University staff in Edinburgh to stay directly employed

Campus operations staff at Queen Margaret University chalk up win in campaign against outsourcing threat

UNISON has welcomed news that members at Edinburgh’s Queen Margaret University have succeeded in preventing their jobs being outsourced, after a unanimous strike vote in October, with action set for later this month.

The campus operations staff – including supervisors, security officers, facilities assistants and members of the grounds team – returned a 100% vote for action on a 75% turnout.

They received “valuable” support from fellow campus unions UCU and EIS, as well as the Queen Margaret students’ union.

The UNISON members have been working under the threat of seeing their jobs outsourced for over a year as the university considered a tendering exercise covering the whole ancillary workforce, some of whose work is already contracted out to private companies.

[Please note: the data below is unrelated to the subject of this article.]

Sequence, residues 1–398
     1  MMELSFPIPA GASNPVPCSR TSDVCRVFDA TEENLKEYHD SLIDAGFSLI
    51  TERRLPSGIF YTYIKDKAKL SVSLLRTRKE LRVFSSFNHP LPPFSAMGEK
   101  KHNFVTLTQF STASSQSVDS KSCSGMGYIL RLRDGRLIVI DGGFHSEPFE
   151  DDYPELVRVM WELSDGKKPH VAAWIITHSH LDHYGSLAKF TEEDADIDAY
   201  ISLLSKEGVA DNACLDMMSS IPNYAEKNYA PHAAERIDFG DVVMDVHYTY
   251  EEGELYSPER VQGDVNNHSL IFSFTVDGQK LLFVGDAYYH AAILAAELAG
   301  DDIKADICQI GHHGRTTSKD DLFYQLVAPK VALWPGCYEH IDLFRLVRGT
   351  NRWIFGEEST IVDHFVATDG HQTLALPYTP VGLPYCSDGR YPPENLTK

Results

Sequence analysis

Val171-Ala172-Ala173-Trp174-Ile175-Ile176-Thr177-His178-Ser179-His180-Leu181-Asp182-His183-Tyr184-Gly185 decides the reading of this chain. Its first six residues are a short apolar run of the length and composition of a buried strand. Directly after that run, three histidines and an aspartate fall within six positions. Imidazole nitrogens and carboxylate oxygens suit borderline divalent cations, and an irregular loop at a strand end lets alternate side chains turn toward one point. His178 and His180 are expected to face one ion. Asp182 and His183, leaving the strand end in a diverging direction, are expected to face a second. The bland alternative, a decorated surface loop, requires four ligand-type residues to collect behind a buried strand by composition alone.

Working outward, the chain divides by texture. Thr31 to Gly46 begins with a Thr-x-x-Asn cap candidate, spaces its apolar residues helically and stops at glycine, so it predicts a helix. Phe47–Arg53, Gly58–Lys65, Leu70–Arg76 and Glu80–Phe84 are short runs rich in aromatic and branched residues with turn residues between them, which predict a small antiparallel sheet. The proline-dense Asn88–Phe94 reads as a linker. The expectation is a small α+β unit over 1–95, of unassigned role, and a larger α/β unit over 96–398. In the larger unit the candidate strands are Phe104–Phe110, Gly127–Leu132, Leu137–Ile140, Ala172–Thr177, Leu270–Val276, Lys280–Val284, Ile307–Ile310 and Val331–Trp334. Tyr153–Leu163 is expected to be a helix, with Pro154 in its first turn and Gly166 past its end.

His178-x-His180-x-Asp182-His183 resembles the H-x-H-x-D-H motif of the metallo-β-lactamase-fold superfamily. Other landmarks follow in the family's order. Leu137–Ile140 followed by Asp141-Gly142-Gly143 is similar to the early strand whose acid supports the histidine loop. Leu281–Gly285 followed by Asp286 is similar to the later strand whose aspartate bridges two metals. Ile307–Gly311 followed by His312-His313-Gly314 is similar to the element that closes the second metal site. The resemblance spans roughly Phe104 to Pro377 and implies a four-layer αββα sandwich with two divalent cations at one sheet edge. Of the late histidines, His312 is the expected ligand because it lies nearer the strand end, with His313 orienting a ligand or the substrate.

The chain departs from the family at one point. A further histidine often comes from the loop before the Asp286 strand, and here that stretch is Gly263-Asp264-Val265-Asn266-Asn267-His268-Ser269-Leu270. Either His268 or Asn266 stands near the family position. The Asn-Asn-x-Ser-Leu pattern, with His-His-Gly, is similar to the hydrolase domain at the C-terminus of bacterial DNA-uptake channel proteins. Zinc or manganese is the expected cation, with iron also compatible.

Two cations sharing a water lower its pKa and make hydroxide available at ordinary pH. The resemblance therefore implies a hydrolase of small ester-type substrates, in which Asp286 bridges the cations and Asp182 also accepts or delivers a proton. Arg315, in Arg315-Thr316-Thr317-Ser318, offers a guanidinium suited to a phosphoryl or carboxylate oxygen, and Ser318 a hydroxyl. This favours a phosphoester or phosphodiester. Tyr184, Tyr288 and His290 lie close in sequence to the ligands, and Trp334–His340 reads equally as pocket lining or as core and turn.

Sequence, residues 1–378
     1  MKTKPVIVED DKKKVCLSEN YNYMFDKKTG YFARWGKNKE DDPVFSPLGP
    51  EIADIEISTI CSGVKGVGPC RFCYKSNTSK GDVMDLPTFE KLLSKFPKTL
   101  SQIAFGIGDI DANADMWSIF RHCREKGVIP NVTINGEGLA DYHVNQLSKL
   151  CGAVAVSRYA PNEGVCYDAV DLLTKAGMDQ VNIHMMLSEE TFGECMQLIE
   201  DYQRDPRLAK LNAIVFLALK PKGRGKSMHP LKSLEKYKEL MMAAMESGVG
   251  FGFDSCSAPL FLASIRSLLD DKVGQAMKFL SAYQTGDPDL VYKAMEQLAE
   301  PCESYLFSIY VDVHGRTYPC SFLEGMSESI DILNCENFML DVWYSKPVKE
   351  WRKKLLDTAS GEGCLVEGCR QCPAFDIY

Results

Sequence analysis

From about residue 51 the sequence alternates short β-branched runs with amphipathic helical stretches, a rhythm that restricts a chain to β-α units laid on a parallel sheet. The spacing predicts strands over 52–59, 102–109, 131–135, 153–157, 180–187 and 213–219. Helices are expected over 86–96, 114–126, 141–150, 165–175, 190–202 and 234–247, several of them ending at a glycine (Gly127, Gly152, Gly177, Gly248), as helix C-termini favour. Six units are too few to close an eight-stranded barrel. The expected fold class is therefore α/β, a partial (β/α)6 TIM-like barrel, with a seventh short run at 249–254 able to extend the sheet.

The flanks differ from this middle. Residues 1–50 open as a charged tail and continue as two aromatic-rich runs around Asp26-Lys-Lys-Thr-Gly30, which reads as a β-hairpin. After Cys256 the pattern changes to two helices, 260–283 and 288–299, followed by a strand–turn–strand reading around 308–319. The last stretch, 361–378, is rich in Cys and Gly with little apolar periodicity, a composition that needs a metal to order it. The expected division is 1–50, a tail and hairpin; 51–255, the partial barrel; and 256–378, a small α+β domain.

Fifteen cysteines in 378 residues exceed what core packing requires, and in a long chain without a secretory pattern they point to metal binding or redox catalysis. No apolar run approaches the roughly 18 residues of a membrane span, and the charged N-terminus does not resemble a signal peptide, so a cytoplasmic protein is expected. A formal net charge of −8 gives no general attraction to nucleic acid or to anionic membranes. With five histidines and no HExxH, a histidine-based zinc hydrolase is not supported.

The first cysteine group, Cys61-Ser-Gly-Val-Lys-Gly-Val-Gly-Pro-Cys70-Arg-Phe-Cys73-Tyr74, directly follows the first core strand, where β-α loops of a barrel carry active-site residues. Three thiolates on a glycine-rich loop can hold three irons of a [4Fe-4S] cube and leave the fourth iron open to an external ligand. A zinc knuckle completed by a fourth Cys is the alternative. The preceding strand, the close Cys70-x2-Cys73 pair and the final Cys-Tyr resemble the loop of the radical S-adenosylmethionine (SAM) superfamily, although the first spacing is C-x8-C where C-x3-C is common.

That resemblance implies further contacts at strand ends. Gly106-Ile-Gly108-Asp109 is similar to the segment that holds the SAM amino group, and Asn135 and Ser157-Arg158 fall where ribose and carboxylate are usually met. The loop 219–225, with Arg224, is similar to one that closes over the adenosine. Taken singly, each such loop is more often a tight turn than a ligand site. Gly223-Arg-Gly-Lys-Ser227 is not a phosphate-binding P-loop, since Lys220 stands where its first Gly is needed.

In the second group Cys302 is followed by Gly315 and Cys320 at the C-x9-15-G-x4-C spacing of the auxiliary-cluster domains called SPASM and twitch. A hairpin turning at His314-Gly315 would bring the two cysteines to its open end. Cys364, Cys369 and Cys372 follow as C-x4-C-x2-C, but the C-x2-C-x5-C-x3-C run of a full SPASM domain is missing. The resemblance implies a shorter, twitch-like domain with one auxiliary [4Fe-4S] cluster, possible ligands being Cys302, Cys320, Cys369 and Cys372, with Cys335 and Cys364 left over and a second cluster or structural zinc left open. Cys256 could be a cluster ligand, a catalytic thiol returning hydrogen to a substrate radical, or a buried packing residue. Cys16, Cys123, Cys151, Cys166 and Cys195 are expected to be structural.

But now they have been told that the university will instead run a “hybrid” tender process, under which they will stay as directly employed staff.

Commenting on the news today, UNISON Scotland head of higher education Lorcan Mullen said: “I am delighted that the university has taken the decision to keep these members in-house.

“With their 100% strike vote, and their conduct throughout the campaign, these members have shown commendable resolve and unity in the face of a serious threat to their future job security, pensions and incomes.

“Other employers within Scottish higher education should also take note: UNISON will not allow further outsourcing of low-paid workers without a similar campaign.

“Wherever possible, we will also work to bring presently outsourced members back in-house.

“Those who clean, guard, shape and feed university campuses are as entitled to quality pensions, sick pay and employment conditions as academics or managers, and UNISON has shown here our ability to organise members to fight on that principle.”

Earlier story: University staff in Edinburgh vote for strike action (15 October 2019)